The star power is the draw in Denis Villeneuve’s epic adaptation of Frank Herbert’s challenging novel.

The star power is the draw in Denis Villeneuve’s epic adaptation of Frank Herbert’s challenging novel.

Joyce Glasser reviews Dune (October 22, 2021) 12A, 156 mins.

Adapting Frank Herbert’s 1965 cult novel Dune for the screen has proven more of a challenge than climbing Mount Annapurna: only 300 people in the world have succeeded but 73 have died trying. In the film world, only David Lynch succeeded in releasing a completed film – 37 years ago – and it is not the film he’ll be remembered for. Director Dennis Villeneuve (Arrival, Sicario) emerged from lockdown with a grand scale epic film as hotly anticipated as Bond, and even more ambitious than his last film, the sci-fi blockbuster Blade Runner 2049. It has “big screen” written all over it.

The novel is just over 500 pages, and, like Annapurna, has defeated many who have approached it, so Villeneuve and co-writers Jon Spaihts and Eric Rother deserve credit for a film that is not book-dependant (and might disappoint fans of the cult novel as this is only part one of the novel). That said, there is panic when any film opens with captions and exposition-heavy narration which is often the sign of a problematic adaptation. The fear is that if you can’t take it all in, you will be lost. Do not panic: the writers have built in redundancy so that soon enough anything meant to be clear will be.

Paul Atreides (Timothée Chalamet) is the only son of the honourable Duke Leto (Oscar Isaac), the ruler of Atreides, one of several fiefdoms in an intergalactic empire ruled by what you might call, with understatement, a cynical emperor. The emperor has ordered Duke Leto to leave his cold, moist planet, Caladan, where he harvested the bounty and force of oceans, and rule the sweltering, dry, inhospitable planet of Arrakis. Still, it is not without its rewards, for Arrakis has Spice, a sought-after hallucinogenic compound and a substance without which intergalactic space travel is impossible. Audiences in 2021 will, of course catch the metaphor. Ruling Arrakis is like controlling all the drug trade and oil supply of the world, but at a price.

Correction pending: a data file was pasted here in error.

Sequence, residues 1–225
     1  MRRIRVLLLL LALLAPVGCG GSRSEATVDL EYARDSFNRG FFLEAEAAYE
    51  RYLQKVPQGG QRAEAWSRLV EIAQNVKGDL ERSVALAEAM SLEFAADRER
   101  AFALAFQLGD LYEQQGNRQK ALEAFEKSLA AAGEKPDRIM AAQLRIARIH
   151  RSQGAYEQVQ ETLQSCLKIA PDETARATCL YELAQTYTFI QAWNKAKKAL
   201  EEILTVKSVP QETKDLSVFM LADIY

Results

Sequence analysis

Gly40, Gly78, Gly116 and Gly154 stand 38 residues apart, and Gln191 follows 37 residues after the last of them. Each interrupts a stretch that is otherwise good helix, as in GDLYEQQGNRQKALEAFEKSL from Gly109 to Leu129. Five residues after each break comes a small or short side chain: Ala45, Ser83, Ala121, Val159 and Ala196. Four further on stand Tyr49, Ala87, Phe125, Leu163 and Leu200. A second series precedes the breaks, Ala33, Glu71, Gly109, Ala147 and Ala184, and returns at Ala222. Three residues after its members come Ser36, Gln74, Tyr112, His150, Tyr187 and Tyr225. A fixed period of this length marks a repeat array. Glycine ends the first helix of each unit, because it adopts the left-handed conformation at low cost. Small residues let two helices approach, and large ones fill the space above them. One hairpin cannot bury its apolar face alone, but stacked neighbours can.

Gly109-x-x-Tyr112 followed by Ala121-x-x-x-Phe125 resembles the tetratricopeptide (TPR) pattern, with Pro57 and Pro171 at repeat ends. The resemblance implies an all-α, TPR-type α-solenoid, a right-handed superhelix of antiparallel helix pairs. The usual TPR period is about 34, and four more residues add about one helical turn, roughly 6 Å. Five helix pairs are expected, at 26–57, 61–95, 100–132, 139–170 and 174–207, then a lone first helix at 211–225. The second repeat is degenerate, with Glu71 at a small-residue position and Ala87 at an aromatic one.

Paul, his mother, Lady Jessica (Rebecca Ferguson) and Duke Leto himself are putting on a brave face, for they are wary of what looks like a poisoned chalice. For the past 80 years the barbarous Harkonnen tribe, led by the sadistic, grotesque Baron Vladimir Harkonnen (Stellan Skarsgard), has profited from the lucrative Spice harvesting on Arrakis. Even if they bow out, respecting the Emperor’s orders, there are other obstacles, including the heat, that makes special protective suits necessary; the blue-eyed, indigenous Fremen people who have set up underground networks from which they might sabotage their occupants; and giant sandworms, that race through the golden desert swallowing up the harvesting machines.

Just from the elaborate set up you gather than Dune is not just a sci-fi movie, but one that, set in 10191 AD, is so many light years ahead that it has reached back in time. Spice harvesting machines that look like giant tank-tractors and airplanes with wings like insects co-exist with fiefdoms, armour, ladies in floor length, formfitting dresses with hoods, and the chivalric loyalty reminiscent of The Arthurian legend. The warriors fight like gladiators with lightsabers (one step beyond Star Wars) not swords. These crackle like lightning with each electrified movement freeze-framed.